Standing on the shore of a lake that spans more than 112,000 acres in the middle of a deserted desert is a humbling experience. Blanket everything in snow and it quickly becomes material worthy of a Robert Frost poem. Despite seeing it with my own two eyes, it’s still hard to believe a place like this exists just forty five minutes outside of downtown Reno.
I could have easily spent the entire day silently soaking in the scenery. Had I let them, my thoughts would have happily floated away on the softly lapping waves (yes, freshwater lakes as ginormous as this one have waves and even tides). But with a baby on my back, a dog at my feet, and ice on the ground I decided to keep my thoughts on where to step instead.
To be honest, we didn’t do much hiking. No baby likes having their bottom exposed in sub 20 degree weather so we stuck close to the car. Given the sheer size of the lake it worked out well. We’d jump out for 30 minutes or so to walk around then hop back in the car to warm up and drive to the next spot. Each place we stopped there was something interesting to look at.
Like this funny rock formation…
Or the mountains off in the distance.
At one of the spots Alexi found his obligatory bench. We had a long debate as to whether or not a picnic table counts. Eventually we agreed that a picnic table counts as two benches just with an extra feature. I couldn’t resist snapping pics of him while he was taking pics of the picnic table. Here are the pics we picked.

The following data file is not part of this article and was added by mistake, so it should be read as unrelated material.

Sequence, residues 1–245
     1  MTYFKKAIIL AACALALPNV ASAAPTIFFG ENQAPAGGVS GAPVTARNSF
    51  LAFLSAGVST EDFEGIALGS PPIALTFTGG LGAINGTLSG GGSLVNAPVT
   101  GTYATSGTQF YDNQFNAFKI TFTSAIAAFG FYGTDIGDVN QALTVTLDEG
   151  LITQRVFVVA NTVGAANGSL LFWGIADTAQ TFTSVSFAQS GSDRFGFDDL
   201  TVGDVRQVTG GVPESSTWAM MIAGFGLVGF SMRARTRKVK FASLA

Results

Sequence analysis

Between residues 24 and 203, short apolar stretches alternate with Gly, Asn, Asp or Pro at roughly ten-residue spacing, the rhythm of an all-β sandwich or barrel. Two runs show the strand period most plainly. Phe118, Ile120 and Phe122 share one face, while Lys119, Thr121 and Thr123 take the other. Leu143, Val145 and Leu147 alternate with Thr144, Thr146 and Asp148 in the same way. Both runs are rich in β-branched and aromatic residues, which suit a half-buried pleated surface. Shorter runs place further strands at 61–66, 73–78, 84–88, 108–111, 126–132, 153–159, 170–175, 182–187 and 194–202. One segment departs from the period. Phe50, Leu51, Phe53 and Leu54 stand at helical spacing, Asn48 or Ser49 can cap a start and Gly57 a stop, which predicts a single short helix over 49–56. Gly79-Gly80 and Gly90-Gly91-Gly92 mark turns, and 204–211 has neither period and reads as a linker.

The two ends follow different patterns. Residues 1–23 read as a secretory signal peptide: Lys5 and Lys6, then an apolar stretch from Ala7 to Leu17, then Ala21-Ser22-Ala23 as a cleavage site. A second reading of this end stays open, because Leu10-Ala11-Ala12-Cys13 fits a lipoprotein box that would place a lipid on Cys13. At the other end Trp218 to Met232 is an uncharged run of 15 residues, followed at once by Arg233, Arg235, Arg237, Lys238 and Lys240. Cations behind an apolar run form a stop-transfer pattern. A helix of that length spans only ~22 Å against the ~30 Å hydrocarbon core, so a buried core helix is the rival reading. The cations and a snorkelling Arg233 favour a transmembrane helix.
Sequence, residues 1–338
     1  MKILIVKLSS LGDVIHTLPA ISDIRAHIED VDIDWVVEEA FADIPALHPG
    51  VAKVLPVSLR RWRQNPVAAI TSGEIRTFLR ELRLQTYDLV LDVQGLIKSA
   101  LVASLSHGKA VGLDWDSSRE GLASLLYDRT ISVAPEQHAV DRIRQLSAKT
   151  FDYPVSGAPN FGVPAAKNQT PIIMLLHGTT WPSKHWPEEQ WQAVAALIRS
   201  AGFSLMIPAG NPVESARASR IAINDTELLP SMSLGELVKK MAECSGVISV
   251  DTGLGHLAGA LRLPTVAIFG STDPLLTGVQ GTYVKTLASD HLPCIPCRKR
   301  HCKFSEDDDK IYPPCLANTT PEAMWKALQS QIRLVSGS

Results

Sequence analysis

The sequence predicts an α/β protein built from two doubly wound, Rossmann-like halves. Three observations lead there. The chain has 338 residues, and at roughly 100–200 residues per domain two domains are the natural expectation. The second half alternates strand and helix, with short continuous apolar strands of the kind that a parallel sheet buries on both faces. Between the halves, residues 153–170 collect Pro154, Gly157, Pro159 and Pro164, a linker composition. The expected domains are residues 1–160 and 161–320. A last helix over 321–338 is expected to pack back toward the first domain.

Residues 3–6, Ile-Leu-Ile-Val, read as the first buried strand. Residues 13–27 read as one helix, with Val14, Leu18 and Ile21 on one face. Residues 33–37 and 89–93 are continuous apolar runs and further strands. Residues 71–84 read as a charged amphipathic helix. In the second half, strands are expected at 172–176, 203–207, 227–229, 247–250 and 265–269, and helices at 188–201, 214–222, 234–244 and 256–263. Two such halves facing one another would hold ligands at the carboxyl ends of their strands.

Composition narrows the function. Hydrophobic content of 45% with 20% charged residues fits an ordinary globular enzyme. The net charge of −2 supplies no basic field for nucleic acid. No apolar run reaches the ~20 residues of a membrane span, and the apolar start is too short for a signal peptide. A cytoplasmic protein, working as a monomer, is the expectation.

Throughout the day the clouds came and went. One minute things would be heating up – the high of the day was a whopping 24 degrees – and the next it’d look like flurries were imminent. The weather couldn’t make up its mind but it made for some fascinating photographs.
I couldn’t help but feel at ease staring out across the water. There’s something about being immersed in nature that soothes the soul. Unlike other parts of life where you might not be sure where or how you fit in, outside in the backcountry your place in the order of things is pretty simple. There are animals that you eat, animals that eat you, and uncontrollable forces like the weather that affect all equally. Accepting your place in nature, your power and powerlessness, is a terrifyingly calming thing to do. Writing this down I guess my thoughts did drift away a bit on our outing after all.
To bring me back to the present Alexi insisted on a family photo. It took a couple tries for me to come to but we finally got one. (I know, I know, our New Year’s resolution is to bring the tripod more places and we forgot it at home. We’re working on it! All you other parents know how hard it is to remember every little thing to pack on family trips more than 24 hours in length.) Thankfully Alexi’s new camera with its fancy flip display makes it easy to take selfies.
Warrior’s Point was the end of the road for us. Quite literally – the pavement ended and turned to dirt. With the dropping temperatures and setting sun it was a no brainer to head back to the hotel. The ride back was a quiet one. Giota dozed off and Alexi and I were still too entranced by the whole experience to say much of anything. If you get the chance, I certainly recommend visiting Pyramid Lake for yourself to find your place where the pavement ends.